August 24, 2014 6:04 am -

They may not even realize the contradiction.

Rep. Paul Ryan takes the ice bucket challenge

Rep. Paul Ryan takes the ice bucket challenge

[su_center_ad]These contradictory decisions don’t necessarily make the lawmakers hypocrites. Many of them reluctantly cast that vote, and others are fine with funding ALS research so long as the funding comes from private sources and not federal taxes. But the contradiction does expose the curious ways in which government officials often end up dealing with problems they created.

The funding cuts, in this case, were caused by the passage of the Budget Control Act of 2011 — otherwise known as the bill to save the United States government from default. As a condition of getting congressional Republicans to sign off on the debt ceiling hike, the Obama White House and Congressional Democrats agreed to budget cuts and future budget cuts that would be delivered via sequestration, an across-the-board cleaver that cut certain agencies’ budgets by roughly 5 percent.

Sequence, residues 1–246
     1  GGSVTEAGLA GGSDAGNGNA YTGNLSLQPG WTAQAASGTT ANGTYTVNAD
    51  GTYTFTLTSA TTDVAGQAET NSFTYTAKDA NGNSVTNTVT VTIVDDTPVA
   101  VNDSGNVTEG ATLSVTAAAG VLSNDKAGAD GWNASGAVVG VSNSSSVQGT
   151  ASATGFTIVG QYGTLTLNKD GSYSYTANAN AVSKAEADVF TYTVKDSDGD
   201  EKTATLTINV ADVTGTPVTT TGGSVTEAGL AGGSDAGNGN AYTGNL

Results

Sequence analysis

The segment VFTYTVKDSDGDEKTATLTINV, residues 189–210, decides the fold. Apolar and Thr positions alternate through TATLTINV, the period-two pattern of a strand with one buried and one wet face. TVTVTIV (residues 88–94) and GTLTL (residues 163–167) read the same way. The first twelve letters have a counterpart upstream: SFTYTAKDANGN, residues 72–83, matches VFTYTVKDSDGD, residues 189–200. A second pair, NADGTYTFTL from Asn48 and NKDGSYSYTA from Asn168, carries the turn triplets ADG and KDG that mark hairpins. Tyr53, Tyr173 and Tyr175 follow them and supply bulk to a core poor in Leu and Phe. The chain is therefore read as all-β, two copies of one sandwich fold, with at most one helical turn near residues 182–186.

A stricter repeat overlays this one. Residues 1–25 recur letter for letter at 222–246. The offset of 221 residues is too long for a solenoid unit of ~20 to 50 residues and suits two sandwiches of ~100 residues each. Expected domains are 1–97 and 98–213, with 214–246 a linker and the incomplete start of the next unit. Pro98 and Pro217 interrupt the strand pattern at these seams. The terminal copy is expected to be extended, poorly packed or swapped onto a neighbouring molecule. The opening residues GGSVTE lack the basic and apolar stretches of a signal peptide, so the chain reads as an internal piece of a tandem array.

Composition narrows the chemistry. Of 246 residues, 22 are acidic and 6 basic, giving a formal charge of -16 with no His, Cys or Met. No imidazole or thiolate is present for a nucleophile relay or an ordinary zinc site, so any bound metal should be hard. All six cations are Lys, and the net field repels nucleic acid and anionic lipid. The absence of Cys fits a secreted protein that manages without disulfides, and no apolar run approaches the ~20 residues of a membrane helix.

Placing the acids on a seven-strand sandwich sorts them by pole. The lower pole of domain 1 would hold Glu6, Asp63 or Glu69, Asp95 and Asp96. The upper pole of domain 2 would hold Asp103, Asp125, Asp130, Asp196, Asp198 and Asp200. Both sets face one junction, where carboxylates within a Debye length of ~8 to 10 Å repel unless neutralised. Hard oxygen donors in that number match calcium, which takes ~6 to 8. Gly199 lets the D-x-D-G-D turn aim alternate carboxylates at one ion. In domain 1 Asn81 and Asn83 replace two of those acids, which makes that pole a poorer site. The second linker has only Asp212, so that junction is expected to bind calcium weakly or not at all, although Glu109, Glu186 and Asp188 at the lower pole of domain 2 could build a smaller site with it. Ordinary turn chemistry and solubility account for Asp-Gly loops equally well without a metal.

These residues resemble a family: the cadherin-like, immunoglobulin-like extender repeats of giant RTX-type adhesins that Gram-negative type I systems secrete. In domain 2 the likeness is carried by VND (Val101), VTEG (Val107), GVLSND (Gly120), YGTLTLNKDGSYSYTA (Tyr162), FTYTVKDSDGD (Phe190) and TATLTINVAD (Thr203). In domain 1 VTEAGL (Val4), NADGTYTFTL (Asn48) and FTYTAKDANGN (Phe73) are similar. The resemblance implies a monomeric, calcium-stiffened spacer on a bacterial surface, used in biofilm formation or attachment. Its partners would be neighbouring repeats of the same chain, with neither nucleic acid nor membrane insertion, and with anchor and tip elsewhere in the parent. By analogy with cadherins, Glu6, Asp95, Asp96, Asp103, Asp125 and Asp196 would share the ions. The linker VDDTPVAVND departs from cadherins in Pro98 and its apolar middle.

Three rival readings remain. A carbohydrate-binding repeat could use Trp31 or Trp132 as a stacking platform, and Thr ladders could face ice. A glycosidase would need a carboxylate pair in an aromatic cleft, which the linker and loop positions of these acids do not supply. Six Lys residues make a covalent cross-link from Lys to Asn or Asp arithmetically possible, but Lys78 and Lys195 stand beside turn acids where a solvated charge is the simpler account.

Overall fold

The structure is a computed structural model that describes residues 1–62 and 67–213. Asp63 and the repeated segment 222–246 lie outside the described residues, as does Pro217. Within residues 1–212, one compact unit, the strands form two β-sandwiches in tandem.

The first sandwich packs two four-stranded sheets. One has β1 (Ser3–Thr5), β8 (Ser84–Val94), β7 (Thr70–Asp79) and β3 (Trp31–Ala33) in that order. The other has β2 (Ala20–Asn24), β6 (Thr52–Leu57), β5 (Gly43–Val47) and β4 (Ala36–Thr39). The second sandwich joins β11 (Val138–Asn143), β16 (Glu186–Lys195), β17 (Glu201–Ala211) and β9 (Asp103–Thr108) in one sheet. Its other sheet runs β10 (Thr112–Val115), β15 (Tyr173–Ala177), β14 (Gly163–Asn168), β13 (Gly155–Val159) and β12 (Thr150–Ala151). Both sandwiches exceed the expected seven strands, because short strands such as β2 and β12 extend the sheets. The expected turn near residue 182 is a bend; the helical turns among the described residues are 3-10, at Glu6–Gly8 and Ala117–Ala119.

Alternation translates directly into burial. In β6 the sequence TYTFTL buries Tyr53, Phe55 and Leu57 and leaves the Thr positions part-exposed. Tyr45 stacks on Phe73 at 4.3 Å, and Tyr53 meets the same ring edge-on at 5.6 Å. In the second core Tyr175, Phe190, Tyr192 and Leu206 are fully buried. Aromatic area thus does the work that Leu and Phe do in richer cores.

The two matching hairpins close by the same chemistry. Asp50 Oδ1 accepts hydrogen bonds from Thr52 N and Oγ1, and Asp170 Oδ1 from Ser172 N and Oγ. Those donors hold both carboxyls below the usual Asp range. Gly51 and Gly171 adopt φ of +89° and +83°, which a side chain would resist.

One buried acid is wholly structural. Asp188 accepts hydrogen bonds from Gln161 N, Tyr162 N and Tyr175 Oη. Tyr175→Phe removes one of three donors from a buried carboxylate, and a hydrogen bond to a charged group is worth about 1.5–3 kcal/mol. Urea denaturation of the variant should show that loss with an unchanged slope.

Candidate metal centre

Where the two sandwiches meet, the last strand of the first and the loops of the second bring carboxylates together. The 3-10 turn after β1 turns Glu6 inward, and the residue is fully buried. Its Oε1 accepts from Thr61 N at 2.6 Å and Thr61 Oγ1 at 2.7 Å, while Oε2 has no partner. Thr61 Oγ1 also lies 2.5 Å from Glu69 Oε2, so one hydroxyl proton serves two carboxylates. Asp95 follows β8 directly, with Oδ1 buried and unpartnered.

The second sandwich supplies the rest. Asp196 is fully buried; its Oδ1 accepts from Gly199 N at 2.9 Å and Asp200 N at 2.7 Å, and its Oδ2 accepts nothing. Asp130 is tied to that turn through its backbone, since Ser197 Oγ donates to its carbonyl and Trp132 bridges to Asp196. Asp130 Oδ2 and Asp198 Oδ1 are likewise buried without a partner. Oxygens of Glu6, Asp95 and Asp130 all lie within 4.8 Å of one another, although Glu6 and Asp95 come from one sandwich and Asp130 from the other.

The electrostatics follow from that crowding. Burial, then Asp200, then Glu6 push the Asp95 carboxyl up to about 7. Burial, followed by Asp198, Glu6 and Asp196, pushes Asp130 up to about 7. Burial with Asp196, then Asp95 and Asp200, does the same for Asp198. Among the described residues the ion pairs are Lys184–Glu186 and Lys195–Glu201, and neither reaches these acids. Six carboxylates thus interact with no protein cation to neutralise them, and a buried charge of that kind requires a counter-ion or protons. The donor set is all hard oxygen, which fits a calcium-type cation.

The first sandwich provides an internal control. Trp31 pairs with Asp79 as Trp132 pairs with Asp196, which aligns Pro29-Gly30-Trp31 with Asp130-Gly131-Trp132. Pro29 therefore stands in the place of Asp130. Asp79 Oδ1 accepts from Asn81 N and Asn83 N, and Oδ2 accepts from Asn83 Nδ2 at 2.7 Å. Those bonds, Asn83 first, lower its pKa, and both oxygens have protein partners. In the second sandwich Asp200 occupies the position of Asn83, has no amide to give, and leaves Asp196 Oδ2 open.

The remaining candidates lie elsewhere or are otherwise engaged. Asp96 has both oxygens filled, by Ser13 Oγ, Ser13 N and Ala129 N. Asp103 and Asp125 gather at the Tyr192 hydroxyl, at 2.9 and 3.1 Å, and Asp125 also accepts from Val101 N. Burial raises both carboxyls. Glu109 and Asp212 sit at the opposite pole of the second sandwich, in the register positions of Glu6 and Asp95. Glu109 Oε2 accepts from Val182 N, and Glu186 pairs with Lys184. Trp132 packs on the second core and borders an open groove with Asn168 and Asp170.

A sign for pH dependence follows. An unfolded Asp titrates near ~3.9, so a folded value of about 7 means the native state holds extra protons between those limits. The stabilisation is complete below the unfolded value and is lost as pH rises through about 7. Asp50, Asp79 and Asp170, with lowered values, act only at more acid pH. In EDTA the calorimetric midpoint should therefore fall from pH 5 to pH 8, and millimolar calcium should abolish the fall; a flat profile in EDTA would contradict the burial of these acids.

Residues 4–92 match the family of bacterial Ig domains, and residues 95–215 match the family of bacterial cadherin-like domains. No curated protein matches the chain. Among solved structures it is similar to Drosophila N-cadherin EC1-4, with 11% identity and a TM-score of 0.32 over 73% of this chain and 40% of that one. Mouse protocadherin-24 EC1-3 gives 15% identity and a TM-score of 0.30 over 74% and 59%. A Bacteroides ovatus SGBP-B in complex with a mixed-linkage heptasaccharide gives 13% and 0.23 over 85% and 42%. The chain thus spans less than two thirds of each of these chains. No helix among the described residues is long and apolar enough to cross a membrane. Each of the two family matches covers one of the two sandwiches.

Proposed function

The National Institutes of Health was one of those agencies. It was forced to slash an estimated $1.55 billion from its programs. Among those was the National Institute of Neurological Disorders and Stroke. In Fiscal Year 2013, the NINDS budget was $1.53 billion, a $92 million decrease from FY 2012. For ALS-specific research, funding went from $44 million to $39 million. [su_sky_ad]

D.B. Hirsch
D.B. Hirsch is a political activist, news junkie, and retired ad copy writer and spin doctor. He lives in Brooklyn, New York.

2 responses to Lawmakers Who Cut Funds For ALS Research Take Ice Bucket Challenge

  1. Linda1961 August 24th, 2014 at 11:32 am

    You are right – they aren’t necessarily hypocrites, just stupid to think that private donations trump public ones.

  2. veggiedude August 24th, 2014 at 9:39 pm

    I thought the government issued a warning last week that it is unlawful for any elected official to partake in this kind if activity, no matter how Nobel it might be.